Hazardous Substances

Employers and Employees Beware!

It is not always possible to tell if a substance is hazardous just by looking at it.

Always consider a caution note provided by a manufacturer as a serious matter, even if the product, material or substance may appear innocuous.

Failure to do so, may lead to fatal accidents.

For instance, polyethylene foam normally used as packaging material. Harmless…or is it?

On , a truck driver died as a result of the injuries he sustained when an explosion projected him out of a trailer. In this case, it was determined at the Coroner's Inquest that polyethylene foam made with a flammable hydrocarbon blowing agent had been stored in the unventilated trailer over a warm weekend.

How can a packaging material become deadly?

Normally, by the time polyethylene foam gets to consumers, the product is harmless. However, when produced with a flammable hydrocarbon blowing agent, and fresh from the manufacturer, it may be a different story.

In this case, isobutane was used as the blowing agent to produce the polyethylene foam. Although most of the blowing agent is removed prior to shipping, it continues to be released at a slower rate, for an undetermined period of time. The foam manufacturer had informed the purchaser and the shipper that, because of the off-gassing, it was preferable to use a ventilated trailer. The truck driver who picked up the load was also required to sign a caution advising him of the potential presence of the flammable blowing agent.

Unfortunately, this information did not get to the driver who was killed. He was told the trailer was empty. Because the trailer was unventilated and because of the warm weekend, the rate of off-gassing of the isobutane increased, and it accumulated inside the trailer to reach its explosive range. When the employee entered the trailer, a source of ignition (a spark, a match or a cigarette) caused the explosion.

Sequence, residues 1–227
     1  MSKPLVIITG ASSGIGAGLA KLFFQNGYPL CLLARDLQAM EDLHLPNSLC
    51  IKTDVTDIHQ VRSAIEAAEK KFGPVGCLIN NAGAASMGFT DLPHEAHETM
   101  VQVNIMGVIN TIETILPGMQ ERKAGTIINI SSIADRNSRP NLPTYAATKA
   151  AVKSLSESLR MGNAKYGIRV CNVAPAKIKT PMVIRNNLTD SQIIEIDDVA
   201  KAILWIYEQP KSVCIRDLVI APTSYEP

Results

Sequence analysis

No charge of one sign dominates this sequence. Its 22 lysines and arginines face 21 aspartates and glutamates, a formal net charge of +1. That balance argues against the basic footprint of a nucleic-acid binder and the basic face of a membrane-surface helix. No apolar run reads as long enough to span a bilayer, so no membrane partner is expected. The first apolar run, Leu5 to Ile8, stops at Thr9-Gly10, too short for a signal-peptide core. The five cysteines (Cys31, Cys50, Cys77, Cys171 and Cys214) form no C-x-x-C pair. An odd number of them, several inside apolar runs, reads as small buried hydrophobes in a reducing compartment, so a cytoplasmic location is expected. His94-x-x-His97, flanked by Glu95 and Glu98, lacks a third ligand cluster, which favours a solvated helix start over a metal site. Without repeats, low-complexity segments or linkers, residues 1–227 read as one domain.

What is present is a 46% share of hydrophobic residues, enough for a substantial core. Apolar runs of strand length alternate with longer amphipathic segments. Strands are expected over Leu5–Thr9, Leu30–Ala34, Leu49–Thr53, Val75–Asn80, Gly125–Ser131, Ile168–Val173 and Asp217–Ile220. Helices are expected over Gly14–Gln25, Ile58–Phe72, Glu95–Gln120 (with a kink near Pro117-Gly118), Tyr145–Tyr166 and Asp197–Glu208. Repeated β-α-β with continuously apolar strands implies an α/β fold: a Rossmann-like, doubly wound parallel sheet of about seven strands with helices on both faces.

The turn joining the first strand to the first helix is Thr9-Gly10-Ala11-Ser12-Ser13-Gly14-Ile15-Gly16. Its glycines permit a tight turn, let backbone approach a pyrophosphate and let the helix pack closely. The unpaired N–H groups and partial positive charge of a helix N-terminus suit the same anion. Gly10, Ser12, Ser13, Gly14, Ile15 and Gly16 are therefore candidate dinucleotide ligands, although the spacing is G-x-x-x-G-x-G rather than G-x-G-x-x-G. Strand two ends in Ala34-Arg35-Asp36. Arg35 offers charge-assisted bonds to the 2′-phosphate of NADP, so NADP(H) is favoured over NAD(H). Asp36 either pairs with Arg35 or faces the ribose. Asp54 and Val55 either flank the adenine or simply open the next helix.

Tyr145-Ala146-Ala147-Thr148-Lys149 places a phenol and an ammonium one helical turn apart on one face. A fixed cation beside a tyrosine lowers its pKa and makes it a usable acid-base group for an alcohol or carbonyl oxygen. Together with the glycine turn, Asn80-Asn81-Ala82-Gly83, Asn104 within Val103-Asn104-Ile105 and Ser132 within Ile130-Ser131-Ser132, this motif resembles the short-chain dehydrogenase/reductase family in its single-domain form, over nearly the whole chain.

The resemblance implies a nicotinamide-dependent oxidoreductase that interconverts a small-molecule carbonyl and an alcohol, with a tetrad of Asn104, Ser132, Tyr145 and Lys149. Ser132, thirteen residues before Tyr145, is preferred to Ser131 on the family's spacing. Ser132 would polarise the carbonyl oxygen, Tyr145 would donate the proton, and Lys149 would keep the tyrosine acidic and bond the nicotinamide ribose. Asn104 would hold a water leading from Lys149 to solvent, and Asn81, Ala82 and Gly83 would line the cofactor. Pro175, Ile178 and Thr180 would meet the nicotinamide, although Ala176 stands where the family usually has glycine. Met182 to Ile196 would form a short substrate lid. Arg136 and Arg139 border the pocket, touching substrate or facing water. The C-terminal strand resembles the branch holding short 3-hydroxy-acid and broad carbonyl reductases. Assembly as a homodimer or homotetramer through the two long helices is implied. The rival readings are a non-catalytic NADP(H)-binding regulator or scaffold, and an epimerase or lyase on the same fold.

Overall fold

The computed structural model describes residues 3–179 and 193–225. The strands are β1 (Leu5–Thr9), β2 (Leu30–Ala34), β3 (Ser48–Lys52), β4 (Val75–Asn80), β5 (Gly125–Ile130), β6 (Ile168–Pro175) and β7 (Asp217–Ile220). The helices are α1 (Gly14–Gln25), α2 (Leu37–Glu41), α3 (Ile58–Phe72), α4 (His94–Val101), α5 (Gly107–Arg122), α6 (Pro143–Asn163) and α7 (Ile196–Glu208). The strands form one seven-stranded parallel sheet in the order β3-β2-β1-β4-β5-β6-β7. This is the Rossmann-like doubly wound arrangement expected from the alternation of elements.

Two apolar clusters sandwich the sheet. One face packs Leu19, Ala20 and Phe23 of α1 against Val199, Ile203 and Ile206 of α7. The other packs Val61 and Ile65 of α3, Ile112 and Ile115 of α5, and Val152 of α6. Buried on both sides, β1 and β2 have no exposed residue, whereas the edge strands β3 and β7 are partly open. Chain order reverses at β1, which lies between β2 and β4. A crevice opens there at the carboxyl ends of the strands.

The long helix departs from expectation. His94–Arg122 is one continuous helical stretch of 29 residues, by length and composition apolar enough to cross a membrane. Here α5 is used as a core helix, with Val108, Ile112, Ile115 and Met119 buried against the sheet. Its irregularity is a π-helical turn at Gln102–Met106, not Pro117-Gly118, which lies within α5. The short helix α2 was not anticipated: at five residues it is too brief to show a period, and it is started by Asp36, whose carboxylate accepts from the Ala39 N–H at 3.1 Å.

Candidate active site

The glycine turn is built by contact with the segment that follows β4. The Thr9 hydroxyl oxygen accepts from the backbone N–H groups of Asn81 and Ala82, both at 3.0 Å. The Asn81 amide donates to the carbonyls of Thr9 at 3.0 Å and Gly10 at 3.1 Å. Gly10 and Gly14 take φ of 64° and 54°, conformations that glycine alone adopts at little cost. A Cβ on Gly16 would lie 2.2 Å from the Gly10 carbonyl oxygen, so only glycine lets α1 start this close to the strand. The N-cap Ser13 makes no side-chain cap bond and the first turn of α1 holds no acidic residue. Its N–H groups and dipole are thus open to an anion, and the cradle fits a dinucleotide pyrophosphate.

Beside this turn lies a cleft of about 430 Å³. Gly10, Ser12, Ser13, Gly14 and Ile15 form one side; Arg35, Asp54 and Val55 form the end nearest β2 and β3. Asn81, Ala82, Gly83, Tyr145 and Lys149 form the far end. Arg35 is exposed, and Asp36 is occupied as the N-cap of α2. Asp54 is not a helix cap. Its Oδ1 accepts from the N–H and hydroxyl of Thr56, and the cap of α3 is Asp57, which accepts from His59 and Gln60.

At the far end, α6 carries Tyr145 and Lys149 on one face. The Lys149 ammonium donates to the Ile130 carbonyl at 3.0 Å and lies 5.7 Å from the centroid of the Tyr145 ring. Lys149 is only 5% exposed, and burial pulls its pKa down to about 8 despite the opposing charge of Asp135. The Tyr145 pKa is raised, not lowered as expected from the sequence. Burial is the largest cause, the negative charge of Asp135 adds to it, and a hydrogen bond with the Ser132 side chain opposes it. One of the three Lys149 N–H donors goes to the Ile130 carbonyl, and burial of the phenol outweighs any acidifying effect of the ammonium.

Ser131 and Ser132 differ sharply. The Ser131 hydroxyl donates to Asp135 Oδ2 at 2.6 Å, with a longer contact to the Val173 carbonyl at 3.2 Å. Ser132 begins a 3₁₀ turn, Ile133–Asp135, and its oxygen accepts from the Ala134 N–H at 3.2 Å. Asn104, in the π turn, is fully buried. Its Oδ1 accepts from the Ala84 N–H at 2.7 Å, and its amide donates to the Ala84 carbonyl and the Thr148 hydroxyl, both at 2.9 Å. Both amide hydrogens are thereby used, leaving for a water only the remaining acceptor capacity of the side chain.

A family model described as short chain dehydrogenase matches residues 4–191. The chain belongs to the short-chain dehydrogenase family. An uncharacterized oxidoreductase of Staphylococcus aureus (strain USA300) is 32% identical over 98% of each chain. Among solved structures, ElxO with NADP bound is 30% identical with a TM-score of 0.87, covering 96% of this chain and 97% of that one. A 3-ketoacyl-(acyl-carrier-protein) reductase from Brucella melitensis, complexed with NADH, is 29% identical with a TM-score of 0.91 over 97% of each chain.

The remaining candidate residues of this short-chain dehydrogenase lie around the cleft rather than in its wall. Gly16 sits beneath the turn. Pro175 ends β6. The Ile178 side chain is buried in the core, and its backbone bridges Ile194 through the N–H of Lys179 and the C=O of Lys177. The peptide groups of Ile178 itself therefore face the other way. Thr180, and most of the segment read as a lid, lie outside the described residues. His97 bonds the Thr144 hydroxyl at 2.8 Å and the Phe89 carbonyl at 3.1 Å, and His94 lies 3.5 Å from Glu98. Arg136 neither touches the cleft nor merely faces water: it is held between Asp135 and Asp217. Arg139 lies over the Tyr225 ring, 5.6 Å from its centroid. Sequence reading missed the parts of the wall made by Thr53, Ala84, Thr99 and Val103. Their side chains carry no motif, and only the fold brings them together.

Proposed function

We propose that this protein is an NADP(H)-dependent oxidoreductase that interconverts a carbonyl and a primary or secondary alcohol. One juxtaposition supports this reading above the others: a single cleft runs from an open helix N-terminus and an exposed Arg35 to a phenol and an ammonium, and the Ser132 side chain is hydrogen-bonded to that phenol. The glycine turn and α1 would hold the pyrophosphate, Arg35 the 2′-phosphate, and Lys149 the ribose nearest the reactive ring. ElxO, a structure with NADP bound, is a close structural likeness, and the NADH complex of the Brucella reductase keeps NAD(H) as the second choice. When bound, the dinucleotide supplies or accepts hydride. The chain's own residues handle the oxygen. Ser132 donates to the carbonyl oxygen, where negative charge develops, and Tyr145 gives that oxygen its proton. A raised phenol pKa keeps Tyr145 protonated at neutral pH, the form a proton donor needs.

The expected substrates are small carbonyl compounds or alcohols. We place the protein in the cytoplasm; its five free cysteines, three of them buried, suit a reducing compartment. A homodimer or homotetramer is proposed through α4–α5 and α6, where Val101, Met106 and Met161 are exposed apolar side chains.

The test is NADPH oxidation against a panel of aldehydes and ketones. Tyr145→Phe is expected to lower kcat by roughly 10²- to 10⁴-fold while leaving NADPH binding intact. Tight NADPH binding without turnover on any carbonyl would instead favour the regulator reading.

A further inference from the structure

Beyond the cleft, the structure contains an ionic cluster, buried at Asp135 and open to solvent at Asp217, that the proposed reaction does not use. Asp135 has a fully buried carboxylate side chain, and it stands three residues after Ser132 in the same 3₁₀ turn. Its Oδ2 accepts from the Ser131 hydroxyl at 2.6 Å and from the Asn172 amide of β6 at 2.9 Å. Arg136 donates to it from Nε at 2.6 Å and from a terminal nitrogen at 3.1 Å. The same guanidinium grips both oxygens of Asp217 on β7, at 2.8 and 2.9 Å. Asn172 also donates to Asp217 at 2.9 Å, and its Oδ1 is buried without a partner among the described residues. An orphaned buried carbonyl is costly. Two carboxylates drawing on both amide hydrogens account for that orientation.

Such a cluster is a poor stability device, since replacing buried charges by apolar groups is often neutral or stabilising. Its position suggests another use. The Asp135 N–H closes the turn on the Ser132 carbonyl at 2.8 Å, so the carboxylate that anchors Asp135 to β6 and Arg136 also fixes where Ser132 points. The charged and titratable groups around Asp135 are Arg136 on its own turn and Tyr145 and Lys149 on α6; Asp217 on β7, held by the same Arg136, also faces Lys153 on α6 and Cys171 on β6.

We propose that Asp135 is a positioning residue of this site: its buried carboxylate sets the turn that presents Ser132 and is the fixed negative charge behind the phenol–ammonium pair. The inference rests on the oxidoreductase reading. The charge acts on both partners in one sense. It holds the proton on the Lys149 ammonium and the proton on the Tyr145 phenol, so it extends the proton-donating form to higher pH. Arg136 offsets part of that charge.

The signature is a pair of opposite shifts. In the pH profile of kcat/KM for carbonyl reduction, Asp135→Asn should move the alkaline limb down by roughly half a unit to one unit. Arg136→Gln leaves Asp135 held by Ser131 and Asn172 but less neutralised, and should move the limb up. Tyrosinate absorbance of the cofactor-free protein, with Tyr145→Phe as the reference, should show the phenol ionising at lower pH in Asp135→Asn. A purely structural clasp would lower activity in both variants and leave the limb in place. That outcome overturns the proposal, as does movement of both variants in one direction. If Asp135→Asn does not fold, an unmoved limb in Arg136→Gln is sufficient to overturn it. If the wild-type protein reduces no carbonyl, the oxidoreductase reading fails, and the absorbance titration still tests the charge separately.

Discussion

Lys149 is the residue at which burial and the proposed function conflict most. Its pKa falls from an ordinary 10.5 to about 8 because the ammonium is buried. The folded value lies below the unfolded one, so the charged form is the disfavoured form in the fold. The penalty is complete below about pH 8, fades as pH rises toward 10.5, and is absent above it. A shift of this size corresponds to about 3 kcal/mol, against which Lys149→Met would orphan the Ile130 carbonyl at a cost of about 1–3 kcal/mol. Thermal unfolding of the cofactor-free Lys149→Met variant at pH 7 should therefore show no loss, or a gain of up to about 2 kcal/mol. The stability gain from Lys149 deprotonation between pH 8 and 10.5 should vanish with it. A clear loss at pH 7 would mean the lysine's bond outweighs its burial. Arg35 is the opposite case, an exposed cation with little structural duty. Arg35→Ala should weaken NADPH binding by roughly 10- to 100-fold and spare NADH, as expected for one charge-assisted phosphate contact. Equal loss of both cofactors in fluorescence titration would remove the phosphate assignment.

Reminder

It is the employer's duty to ensure that the health and safety at work of every person employed by the employer is protected.

Where there is a likelihood that the safety or health of an employee in a work place is or may be endangered by exposure to a hazardous substance, the employer shall:

  • appoint a qualified person to carry out an investigation;
  • ensure that each employee is made aware of every known and foreseeable health or safety hazard in the area where the employee works;
  • develop and implement an employee education program with respect to hazard prevention and control at the work place.

Moreover with the revised Part II of the Canada Labour Code , the employer must ensure that employees who have supervisory or managerial responsibilities are adequately trained in health and safety and are informed of their responsibilities under Part II.

Employees also have the duty to report to the employer any thing or circumstance in a work place that is likely to be hazardous to the health or safety of the employee, or that of other employees or other persons granted access to the work place by the employer.

In the case mentioned above, seventeen charges were laid against the employer on August 28, 1998. On April 27, 1999, the employer pleaded guilty to three counts and was fined $95,000.

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